First it was John Paddock, who lasted 64 games. He was replaced by Murray himself, who had a brutal 7-9-2 record. So Murray brought in Craig Hartsburg. Hartsburg was the worst of the group, with a horrendous 17-24-7 record, before he was sacked. So Murray brought in Cory Clouston. Clouston was pretty good for a while, but has only a 3-5-1 record this season.
So what is it with Murray’s inability to hire good coaches. Four coaches in three plus seasons? That’s not the sign of a good general manager. And now, with Steve Simmons reporting that Murray is stuck with Clouston, it appears as if Murray doesn’t have a coach scapegoat for this team, this time around.
Too streaky a team
It’s no secret the Sens are the streakiest team in the NHL. Already this season, they have lost five of six games, won six of seven, lost five of six, and lost five of six. It’s been like this with this team since the middle of the 2008 season. They see more losing streaks than winning streaks.
How do they break out of it? Leadership. The Sens need people to step up when streaks like this occur. And I’m not knocking Daniel Alfredsson’s leadership abilities (even though I think they do lack a little bit). But to break out of them, a few guys need to step up and say enough is enough, go on the ice, knock some skulls and score some goals. Ottawa doesn’t have enough leaders who can do that. And why not?
Because Murray hasn’t gone out and traded for, signed or drafted them. You can’t point to four people on this team that can take a game over consistently and win games for the team when they need to.
No clear vision
Is this team trying to win now, or building for the future? Do they want to make the playoffs, or give their young guys a chance to develop? Does anyone even know what they hope to accomplish?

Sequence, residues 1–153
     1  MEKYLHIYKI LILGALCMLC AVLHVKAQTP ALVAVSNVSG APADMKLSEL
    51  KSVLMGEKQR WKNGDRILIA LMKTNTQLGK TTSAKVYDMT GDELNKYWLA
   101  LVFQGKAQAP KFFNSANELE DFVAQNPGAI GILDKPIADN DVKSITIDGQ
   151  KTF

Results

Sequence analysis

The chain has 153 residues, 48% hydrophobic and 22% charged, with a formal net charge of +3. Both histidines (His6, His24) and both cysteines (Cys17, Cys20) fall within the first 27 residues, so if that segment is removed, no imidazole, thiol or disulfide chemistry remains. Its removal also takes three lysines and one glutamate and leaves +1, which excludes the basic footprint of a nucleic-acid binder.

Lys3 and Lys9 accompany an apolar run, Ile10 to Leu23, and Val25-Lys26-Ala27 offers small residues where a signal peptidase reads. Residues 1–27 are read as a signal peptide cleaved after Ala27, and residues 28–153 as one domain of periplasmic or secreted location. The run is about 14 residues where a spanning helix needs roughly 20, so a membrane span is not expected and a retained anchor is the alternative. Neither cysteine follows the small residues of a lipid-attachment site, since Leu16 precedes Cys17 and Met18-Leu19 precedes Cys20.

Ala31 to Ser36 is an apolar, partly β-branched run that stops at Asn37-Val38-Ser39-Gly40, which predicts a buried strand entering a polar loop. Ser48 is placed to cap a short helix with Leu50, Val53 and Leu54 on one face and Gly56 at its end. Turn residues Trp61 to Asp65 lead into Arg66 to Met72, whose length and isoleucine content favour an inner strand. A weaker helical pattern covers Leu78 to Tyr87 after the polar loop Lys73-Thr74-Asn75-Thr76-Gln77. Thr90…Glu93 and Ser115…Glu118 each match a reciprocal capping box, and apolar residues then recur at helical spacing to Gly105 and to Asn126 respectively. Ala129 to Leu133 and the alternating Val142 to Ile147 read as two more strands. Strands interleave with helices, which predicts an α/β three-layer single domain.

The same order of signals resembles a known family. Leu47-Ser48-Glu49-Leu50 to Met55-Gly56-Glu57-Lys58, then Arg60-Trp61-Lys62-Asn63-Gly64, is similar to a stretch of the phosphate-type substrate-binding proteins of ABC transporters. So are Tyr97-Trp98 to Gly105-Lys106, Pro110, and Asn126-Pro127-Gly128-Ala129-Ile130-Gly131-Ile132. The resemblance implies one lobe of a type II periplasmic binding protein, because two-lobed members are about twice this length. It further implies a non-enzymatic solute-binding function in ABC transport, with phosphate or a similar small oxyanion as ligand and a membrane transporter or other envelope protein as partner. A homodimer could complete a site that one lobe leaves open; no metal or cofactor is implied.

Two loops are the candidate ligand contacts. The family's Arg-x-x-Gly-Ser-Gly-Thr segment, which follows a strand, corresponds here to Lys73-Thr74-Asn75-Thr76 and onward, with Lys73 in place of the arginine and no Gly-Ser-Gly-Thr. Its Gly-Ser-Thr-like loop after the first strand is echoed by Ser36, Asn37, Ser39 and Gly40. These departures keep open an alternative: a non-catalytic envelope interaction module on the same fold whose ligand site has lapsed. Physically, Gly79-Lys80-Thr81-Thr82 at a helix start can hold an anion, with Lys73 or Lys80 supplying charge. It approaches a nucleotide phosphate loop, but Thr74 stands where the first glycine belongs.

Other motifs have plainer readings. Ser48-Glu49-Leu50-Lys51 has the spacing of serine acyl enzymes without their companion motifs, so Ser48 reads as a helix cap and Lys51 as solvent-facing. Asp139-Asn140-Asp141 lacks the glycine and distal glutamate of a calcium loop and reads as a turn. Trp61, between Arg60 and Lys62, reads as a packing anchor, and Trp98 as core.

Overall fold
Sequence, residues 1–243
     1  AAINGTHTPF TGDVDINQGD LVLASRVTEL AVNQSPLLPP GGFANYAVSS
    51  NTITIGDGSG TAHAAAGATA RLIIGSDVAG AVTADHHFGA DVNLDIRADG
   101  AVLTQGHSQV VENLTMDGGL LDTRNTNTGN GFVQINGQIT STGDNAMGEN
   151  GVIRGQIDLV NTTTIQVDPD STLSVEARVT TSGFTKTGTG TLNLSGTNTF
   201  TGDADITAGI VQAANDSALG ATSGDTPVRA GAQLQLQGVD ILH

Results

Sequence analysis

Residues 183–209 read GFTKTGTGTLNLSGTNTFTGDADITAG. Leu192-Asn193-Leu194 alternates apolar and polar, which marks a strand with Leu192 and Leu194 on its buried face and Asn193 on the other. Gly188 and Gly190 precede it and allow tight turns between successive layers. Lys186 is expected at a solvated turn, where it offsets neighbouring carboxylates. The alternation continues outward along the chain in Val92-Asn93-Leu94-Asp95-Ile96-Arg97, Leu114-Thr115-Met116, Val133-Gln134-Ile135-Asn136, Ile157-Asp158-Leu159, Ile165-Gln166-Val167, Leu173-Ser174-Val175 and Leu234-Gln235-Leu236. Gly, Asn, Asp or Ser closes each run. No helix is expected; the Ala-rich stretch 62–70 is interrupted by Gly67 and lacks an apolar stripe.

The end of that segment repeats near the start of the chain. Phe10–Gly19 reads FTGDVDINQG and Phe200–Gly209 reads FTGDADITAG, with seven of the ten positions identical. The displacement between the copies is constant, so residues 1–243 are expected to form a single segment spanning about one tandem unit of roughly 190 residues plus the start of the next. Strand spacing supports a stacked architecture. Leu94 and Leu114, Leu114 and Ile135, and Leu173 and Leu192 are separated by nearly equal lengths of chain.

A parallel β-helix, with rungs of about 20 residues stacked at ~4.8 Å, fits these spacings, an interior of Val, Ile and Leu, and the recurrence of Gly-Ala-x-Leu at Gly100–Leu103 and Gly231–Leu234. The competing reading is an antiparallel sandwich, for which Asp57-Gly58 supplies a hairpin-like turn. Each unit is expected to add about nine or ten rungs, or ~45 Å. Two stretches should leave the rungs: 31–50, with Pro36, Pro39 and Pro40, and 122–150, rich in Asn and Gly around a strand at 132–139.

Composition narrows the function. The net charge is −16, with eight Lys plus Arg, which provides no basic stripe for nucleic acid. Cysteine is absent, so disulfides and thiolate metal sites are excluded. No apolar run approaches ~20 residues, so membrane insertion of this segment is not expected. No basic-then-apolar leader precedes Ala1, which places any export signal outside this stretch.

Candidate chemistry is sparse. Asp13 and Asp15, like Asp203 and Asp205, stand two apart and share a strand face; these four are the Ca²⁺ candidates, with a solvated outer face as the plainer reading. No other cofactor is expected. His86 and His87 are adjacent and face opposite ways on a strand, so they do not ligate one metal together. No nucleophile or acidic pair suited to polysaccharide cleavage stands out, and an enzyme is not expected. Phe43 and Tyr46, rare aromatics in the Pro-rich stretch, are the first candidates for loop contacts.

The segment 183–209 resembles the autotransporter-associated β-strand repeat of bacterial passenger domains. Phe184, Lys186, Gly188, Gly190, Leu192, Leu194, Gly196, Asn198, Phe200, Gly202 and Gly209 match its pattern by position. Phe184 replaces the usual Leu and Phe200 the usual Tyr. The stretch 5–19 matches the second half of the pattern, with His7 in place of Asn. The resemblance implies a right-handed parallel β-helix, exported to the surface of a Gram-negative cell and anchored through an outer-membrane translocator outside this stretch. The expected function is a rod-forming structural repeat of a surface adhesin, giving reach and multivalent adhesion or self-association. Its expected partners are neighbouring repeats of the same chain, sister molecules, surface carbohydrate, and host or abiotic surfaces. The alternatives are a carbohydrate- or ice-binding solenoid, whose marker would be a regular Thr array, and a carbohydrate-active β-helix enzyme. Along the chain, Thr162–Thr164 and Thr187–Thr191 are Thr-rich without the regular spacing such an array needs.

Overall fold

At least with the Oilers, Islanders, Avalanche and Kings, you know they are rebuilding. But with Ottawa, it seems as if Murray wants to rebuild while staying competitive. And that’s really difficult to do, almost impossible. In the cap world, teams in need of a rebuild need to go through a few hard years to get good draft picks.
But fans in most cities can accept that, if they know that’s what is happening. They’d be willing to see a poor team for a few years if it meant a competitive team down the road. But they’re not willing to see a poor team if there’s nothing to look forward to.
And fans aren’t attending. The team hasn’t had a sellout yet this year. Surprised? I was. Scotiabank Place holds 20,500 fans. The most they’ve had this year has been 20,275. And there’s only been five out of 22 home games with more than 20,000 this season. For eight games, there’s been less than 17,000 fans. And for a game when the hated Dany Heatley came back to town, there was about 1,000 empty seats.
That’s just sad, but the blame lies at the feet of Murray. A more competitive team means more butts in the seats.
Expecting too much out of third liners
Look, I understand the need to shift guys around on different lines. Maybe you put an energy guy on the top line to get something going.
But seriously, if you honestly expect guys like Nick Foligno, Peter Regin, Jesse Winchester and Ryan Shannon to be able to produce enough to possibly warrant top-line ice time, then you have a problem with your team. The highest single-season point total for any of these players is a paltry 32 points. Yet, over the past few years, all of them have been expected to be a top-line player. It’s absurd.
Throw in guys like Chris Kelly, Chris Neil and Jarkko Ruutu, and the Sens lead the league in third liners. But there’s not enough skill for the offence. All they have is Daniel Alfredsson (on the downside of his career), Jason Spezza (injury-prone and inconsistent), Mike Fisher (overpaid and will never be more than a 50-point guy) and Milan Michalek (not the same since he left San Jose, and on pace for 30 points this season).
It’s no secret that Ottawa fans are a fickle lot. They may not like to hear that, or even deny it, but when the team struggles, fans stop going to games. They only support a winner.
That’s why it’s imperative that the Sens win games, and soon. If they don’t, then they lose money. And that’s not a good thing for Bryan Murray.
And with the Sens losing, and losing a lot, then Murray deserves to go. Especially considering where they were just a few short years ago, when he took over this team. I guess he had to put his stamp on this team. Unfortunately for Sens fans, that stamp is one of losing.